Community effects on public health in India: A hierarchical model


The data on any aspect of public health, including that on infant mortality, has inbuilt hierarchical structure. Using traditional regression approach in data analysis, i.e., ignoring hierarchical structure, either at micro (individual) or at macro (community) level will be avoiding desired assumption related to independence of records. Accordingly, this may result into distortion in the results due to probable underestimation of standard error of the regression coefficients. To be more specific, an irrelevant co-variate may emerge as an important covariate leading to inappropriate public health implications. To overcome this problem, the objective of the present work was to deal with multilevel analysis of the data on infant mortality available under second round of National family Health Survey and notify changes in results under traditional regression analysis that ignores hierarchical structure of data. This method provides more accurate results leading to meaningful public health implications. In addition, estimation of variability at different levels and their covariance are also obtained. The results indicate that the community (e.g., state) level characteristics still have major role regarding infant mortality in India. Further, if computational facilities are available, multilevel analysis may be preferred in dealing with data involving hierarchical structure leading to accurate results having meaningful public health implications.

Share and Cite:

Dwivedi, S. , Begum, S. , Dwived, A. and Pandey, A. (2012) Community effects on public health in India: A hierarchical model. Health, 4, 526-536. doi: 10.4236/health.2012.48084.

Conflicts of Interest

The authors declare no conflicts of interest.


[1] Bryk, A.S. and Raudenbush, S.W. (1992) Hierarchical linear models (applications and data analysis methods). Sage Publications, New York.
[2] Goldstein, H. and Healy, M.J.R. (1995) The graphical presentation of a collection of means. Journal of the Royal Statistical Society Series A, 158, 175-177. doi:10.2307/2983411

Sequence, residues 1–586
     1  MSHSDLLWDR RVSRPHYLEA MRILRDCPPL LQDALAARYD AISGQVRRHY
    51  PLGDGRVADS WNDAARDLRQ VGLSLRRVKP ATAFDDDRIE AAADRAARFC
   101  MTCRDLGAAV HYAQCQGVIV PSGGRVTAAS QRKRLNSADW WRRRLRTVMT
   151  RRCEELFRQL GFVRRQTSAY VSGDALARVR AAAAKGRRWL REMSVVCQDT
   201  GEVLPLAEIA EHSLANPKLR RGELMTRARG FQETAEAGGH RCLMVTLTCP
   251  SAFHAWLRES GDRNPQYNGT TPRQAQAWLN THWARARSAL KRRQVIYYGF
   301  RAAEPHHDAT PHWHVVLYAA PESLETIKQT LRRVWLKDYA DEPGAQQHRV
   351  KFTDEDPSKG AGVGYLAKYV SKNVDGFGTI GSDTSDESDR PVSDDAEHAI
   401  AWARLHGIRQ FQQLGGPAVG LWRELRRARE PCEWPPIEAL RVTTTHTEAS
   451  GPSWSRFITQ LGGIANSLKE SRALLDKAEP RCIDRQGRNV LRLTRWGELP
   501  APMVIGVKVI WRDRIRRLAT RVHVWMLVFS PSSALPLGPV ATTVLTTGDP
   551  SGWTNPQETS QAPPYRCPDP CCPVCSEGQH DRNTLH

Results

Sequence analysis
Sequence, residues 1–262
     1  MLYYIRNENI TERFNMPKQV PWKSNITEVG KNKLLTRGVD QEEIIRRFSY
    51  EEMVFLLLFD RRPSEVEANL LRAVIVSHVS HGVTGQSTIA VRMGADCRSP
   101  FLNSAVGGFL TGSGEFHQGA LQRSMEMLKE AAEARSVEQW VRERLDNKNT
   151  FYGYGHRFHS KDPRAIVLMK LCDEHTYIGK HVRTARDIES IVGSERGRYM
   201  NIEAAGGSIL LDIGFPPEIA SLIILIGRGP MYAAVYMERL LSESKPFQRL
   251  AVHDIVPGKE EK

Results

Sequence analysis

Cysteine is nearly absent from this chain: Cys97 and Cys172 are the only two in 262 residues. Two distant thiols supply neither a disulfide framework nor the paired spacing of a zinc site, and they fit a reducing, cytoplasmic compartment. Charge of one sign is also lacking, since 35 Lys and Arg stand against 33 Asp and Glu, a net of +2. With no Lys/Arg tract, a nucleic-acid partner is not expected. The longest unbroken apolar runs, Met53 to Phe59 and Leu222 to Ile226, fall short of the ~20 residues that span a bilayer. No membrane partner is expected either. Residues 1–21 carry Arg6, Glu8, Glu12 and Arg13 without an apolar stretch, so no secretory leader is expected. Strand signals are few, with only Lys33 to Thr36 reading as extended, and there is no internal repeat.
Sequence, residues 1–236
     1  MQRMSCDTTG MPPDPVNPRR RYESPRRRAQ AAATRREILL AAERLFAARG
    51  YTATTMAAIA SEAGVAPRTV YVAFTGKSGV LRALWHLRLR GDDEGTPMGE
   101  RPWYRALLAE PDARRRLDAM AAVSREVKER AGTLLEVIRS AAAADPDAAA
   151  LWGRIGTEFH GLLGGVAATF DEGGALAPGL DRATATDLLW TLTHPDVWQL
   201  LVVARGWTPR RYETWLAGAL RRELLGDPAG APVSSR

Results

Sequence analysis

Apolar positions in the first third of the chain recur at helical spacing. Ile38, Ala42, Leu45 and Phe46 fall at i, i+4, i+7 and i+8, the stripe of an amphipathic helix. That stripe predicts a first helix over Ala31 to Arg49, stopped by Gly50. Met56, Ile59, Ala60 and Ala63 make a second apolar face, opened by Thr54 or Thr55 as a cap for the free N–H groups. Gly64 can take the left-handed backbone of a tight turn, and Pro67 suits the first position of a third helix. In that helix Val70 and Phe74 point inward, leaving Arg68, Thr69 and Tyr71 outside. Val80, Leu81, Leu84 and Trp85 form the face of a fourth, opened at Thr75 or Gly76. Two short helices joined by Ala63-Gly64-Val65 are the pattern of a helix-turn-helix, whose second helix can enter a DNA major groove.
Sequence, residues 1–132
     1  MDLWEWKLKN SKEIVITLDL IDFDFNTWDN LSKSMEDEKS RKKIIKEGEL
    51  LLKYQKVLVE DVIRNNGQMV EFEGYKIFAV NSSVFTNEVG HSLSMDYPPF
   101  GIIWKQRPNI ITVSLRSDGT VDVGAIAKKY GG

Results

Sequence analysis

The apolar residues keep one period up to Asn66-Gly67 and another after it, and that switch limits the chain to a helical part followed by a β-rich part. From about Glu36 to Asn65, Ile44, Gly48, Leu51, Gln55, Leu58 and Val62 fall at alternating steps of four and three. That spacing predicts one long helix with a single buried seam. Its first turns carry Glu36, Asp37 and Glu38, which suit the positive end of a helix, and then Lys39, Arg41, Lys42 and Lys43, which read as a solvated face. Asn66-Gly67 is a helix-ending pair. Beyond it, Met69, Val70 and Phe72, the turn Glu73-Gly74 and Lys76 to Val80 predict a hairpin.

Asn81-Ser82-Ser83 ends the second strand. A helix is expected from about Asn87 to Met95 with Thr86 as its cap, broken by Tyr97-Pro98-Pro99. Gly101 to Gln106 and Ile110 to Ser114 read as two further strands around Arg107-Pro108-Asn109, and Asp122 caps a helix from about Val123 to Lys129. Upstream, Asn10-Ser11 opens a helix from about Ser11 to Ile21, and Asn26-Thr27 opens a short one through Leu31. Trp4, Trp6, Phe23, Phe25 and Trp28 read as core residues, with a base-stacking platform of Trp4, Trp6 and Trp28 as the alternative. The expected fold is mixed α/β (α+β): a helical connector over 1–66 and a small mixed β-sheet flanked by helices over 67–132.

[3] Mosley, W.H. (1984) Child survival: Research and policy. Population and Development Review, 10, 3-23. doi:10.2307/2807953
[4] Nath, D.C., Kenneth, C.L. and Talukdar, P.K. (1994) Most recent birth interval in a traditional society: A life table and hazards regression analysis. Canadian Studies in Population, 21, 149-164.
[5] Kalbfleisch, J.D. and Prentice, R.L. (1980) The statistical analysis of failure time data. John Wiley and Sons, New York.
[6] Cox, D.R. (1972) Regression models and life tables (with discussion). Journal of Royal Statistical Society, B34, 187-220.
[7] Menken, J., Trussel, J., Stempel, D. and Bahakol, O. (1981) Proportional hazard life table models: An illustrative analysis of socio-economic influences on marriage dissolution in the United States. Demography, 18, 181-200. doi:10.2307/2061092
[8] Retherford, R.D. and Minja, K.C. (1993) Statistical models for casual analysis. John Wiley & Sons, Inc., New York. doi:10.1002/9781118033135
[9] Trussell, J. and Charles, H. (1983) A hazards model analysis of the covariates of infant and child mortality in Sri Lanka. Demography, 20, 1-24. doi:10.2307/2060898
[10] Namboodiri, N.K. and Suchindran, C.M. (1987) Life table techniques and their applications. Academic Press, Orlando.
[11] Kleinbaum, D.G. (1996) Survival Analysis. Statistics in health sciences. Springer-Verlag, New York.
[12] Nath, D.C., Land, K.C. and Singh, K.K. (1994) Birth spacing, breastfeeding, and early child mortality in a traditional Indian society: A hazard model analysis. Social Biology, 41, 168-180.